Robot Laser Welding: Common Defects and Quality Standards

Appearance quality of laser welding seam in robot welding

The laser welding joints are classified into levels I, II, and III according to the regulations of GJB481. Level I and Level II joints are specified in the process documents, while those not specified are considered Level III joints. For different welding joints, the requirements for the appearance quality of laser welding seams are as follows:

(1) Weld Seam Width

The width of the same weld seam should be uniform, and the ratio of the maximum front width to the minimum front width should not exceed 1.2. The ratio of the maximum front width to the minimum front width at the shrinkage of the annular weld seam should not exceed 1.4. The weld seam width is illustrated in Figure 3-53.

Figure 3-53 Weld Bead Width

The weld seam width should meet the specified requirements, as shown in Table 3-28.

Table 3-28 Weld Seam Width

Thickness of base metal t/mmWidth on the front side /mmWidth on the back side /mm
1.0≤<2.0≥1.5t or 2.4, whichever is smaller≥0.4
2.0≤t<5.0≥1.2t≥0.6

(2) Seam Height

The schematic diagram of seam height is shown in Figure 3-54.

Figure 3-54: Seam Height
Figure 3-54: Seam Height

For level I and level II joints, the front and back seam heights should comply with the requirements in Table 3-29 (excluding joints machined after welding). No specific requirements are set for level III joints.

(3) Misalignment

The schematic diagram of seam misalignment is shown in Figure 3-55.

Solution: For proper alignment of the welded parts, adjustment of welding fixtures and improvement of the accuracy of part assembly can eliminate misalignment defects.

Figure 3-55 Misalignment
Figure 3-55 Misalignment

Table 3-29: Requirements for Front and Back Seam Heights

Thickness of base metal t/mmHeight of the front bead protrusion /mmHeight of the back bead protrusion /mm
1.0≤t<2.0Take the smaller value of either less than 30% or 0.4≤1.0
2.0≤t<4.0Take the smaller value of either less than 25% or 0.8≤1.5
4.0≤t<5.0Take the smaller value of either less than 20% or 1.0≤2.0

The permissible misalignment for Class I and Class II joints can be found in Table 3-30; no specifications are provided for Class III joints.

Table 3-30 Permissible Misalignment for Butt Joints

Weld Seam GradeMisalignment/mm
I≤10%t
II≤15%t
Note: t represents the thickness of the base metal.

(4) The illustration of incomplete fusion is shown in Figure 3-56.

Figure 3-56 Incomplete Fusion

The cause of the depression on the surface of the weld metal is due to poor positioning of the welding spot during welding, with the spot center being close to the lower part and deviating from the center of the weld, resulting in partial melting of the base metal.

Solution: Adjust the light/wire match.

The permissible values for incomplete fusion in Class I and Class II joints can be found in Table 3-31; no specifications are provided for Class III joints.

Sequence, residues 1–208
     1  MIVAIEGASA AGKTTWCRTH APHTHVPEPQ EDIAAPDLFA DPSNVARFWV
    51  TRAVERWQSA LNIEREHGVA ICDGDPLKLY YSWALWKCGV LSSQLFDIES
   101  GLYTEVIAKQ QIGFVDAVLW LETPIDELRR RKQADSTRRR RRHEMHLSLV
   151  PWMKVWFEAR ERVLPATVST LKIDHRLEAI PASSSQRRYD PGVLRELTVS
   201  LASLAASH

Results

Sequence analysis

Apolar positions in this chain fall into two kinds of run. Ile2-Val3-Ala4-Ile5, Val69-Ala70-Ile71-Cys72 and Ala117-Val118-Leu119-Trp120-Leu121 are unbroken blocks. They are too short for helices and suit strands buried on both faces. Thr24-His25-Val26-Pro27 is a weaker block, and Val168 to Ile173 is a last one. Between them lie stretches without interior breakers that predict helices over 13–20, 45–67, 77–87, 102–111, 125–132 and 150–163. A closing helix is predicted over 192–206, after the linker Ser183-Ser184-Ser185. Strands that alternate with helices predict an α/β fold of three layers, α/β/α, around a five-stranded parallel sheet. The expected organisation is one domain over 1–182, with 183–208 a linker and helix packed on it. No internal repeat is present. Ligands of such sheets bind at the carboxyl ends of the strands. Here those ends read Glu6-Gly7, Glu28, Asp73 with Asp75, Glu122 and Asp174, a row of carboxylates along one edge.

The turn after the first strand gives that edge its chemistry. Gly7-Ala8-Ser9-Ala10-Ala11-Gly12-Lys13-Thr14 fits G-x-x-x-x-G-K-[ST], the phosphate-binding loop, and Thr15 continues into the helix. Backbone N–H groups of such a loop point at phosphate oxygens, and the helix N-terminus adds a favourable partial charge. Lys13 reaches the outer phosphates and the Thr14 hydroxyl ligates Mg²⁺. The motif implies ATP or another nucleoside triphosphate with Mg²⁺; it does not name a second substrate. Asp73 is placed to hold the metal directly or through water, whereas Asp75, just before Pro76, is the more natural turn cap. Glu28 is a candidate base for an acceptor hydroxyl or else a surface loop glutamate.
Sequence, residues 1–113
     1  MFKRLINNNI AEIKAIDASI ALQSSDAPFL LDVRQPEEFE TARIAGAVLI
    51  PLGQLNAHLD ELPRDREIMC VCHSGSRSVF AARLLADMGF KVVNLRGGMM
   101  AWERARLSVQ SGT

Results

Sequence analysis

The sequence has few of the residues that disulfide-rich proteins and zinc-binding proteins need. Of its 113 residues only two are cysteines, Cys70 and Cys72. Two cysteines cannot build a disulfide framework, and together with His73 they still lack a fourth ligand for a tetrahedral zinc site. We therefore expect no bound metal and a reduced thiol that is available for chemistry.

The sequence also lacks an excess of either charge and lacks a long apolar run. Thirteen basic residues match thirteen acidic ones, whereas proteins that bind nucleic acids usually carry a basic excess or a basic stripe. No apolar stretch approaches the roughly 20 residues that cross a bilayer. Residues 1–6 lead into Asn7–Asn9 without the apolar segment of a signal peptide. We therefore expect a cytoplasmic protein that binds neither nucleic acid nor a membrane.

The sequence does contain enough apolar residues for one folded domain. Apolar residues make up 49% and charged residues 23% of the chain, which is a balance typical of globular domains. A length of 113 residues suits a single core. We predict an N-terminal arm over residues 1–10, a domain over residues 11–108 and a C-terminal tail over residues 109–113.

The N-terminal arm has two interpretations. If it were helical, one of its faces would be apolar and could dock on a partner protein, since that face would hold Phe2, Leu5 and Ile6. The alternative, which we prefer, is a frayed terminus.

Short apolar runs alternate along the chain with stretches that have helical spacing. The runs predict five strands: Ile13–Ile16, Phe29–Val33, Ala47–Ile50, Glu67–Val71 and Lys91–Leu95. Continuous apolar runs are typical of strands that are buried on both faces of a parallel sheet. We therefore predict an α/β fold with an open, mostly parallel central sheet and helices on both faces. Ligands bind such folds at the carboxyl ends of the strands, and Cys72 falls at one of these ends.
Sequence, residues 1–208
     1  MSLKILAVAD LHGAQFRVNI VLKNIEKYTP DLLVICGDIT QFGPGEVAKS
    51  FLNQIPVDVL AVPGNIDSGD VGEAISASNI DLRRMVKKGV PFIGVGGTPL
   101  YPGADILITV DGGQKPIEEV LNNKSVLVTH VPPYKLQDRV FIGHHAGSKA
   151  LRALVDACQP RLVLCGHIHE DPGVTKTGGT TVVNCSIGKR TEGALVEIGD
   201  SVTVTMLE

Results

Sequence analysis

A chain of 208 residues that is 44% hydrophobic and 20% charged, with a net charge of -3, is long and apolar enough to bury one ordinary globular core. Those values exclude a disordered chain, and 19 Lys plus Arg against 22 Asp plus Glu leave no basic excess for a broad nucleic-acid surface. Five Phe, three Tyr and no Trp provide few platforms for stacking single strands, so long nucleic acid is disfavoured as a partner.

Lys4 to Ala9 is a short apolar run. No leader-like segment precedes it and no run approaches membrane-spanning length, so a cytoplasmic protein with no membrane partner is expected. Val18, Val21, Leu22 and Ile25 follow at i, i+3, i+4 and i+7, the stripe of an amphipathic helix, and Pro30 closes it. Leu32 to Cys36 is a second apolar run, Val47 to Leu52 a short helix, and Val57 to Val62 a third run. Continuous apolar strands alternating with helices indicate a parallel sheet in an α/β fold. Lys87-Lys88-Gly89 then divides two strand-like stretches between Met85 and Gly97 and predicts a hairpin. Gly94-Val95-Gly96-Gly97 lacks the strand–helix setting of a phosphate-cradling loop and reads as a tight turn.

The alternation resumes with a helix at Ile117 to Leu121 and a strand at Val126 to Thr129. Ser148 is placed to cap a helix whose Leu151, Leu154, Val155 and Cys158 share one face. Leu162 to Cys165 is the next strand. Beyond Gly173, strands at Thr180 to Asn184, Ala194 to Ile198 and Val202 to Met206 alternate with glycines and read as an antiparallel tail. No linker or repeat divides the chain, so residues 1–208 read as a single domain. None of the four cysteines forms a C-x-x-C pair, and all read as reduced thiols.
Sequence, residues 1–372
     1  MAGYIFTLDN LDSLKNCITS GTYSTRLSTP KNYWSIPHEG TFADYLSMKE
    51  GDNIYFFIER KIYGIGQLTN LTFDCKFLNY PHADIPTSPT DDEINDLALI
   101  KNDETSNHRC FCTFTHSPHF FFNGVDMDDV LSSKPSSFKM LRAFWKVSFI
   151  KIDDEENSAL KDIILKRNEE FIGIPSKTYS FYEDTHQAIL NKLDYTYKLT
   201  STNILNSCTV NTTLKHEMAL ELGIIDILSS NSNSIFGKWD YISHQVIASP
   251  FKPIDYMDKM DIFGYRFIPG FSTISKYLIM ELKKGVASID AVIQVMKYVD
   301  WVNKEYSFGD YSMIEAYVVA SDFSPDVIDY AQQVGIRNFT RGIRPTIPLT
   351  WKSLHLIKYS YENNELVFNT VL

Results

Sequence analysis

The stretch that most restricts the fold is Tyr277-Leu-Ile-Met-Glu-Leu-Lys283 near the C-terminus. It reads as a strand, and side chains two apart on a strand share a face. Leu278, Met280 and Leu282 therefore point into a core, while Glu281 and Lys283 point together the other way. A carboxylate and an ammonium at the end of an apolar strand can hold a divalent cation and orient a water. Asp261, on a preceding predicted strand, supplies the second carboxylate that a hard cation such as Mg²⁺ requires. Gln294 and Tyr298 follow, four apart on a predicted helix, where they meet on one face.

Table 3-31 Permissible Values for Incomplete Fusion

Joint TypeJoint GradeIncomplete Fusion
Weld Length/mmMaximum Depth of a Single Defect/mmAccumulated Length of a Single Defect over any 100mm Length of Weld/mm
Flat butt joint, Groove butt jointI10%t15%t≤15
II15%t20%t≤30
Note: t represents the thickness of the base metal.

(5) Undercut

The schematic diagram of undercut in the weld is shown in Figure 3-57.

Figure 3-57 Undercut

Solution: During butt welding, the laser beam should be as perpendicular to the workpiece surface as possible. Excessive deviation in the angle of the laser beam can lead to poor wetting between the molten metal and the unmelted metal, causing undercut. Reducing the welding speed can decrease the likelihood of undercut.

For Class I and Class II joints, undercut with a fillet radius R less than 1.5mm is not allowed, and no specific requirement is specified for Class III joints. The allowable depth of undercut should comply with the regulations in Table 3-32.

Table 3-32 Allowable Values for Undercut

Joint ClassMaximum Depth of Undercut (mm)Accumulated Length of Undercut on any 100mm Long Weld Seam (mm)
I8%t≤10
II10%t≤20
Note: t represents the thickness of the base metal

(6) Surface Depression

Surface depression is a prominent phenomenon in laser welding. The central depression on the surface of the weld seam is caused by the recoil force generated by metal vaporization, which pushes the liquid metal toward the weld point surface.

During the cooling process, the rapidly solidifying accumulated metal on the surface fails to completely fill in, resulting in the central depression. The primary cause of central depression is material loss due to rapid evaporation and spattering of the metal, as depicted in Figure 3-58.

Figure 3-58 Surface depression in laser weld seam
Figure 3-58 Surface depression in laser weld seam

Solution: Slow welding speed, excessive laser power, or the use of negative focal length can lead to a large amount of material melting and evaporating from the workpiece surface, causing surface depression, especially in cases of laser autogenous welding without filler. Increasing the welding speed, reducing laser power, and adjusting the focal length can mitigate surface depression.

The allowable depth of depression should comply with the regulations in Table 3-33.

Table 3-33 Allowable Values for Surface Depression

Joint ClassUndercut Depth/mm
Ih ≤ 0.1, and not greater than 0.5
IIh ≤ 0.2, and not greater than 0.5
IIIh ≤ 0.3t, and not greater than 1
Note: t represents the thickness of the base metal; h denotes the undercut depth.

(7) Weld Bead

When there is a significant change in the weld path, such as welding at an angle, it is easy to encounter weld beads or uneven formation at the corners, as shown in Figure 3-59.

Figure 3-59 Weld Bead

Countermeasure: Optimize welding parameters, adjust the teaching points and laser incidence angle at the corners to ensure smooth rotation of the laser at the corners.

(8) Spatter

After laser welding, many metal particles may appear on the surface of some workpieces or materials, affecting both the appearance and the functionality.

The generation of spatter is due to the presence of impurities or surface coatings on the workpiece surface, which interact with the laser, causing disturbance in the material’s metal vapor and plasma, making the entire welding process unstable, leading to the overflow of partially molten metal particles. Spattering on the back of the weld seam is more common when welding thin sheets, as illustrated in Figure 3-60.

Figure 3-60 Laser Weld Surface Spatter
Figure 3-60 Laser Weld Surface Spatter

Solution: Frontal spatter on the workpiece is generally caused by surface impurities. Thoroughly cleaning and washing the surface to be welded before welding to remove oxides, impurities, oil, rust, and other contaminants will significantly reduce spatter during laser welding.

Back spatter on the workpiece is more common in thin plate laser welding. Reducing laser power or increasing welding speed and defocusing can prevent the laser from penetrating the back of the test piece, thus reducing spatter.

(9) Interruption or Uneven Thickness of Weld Seam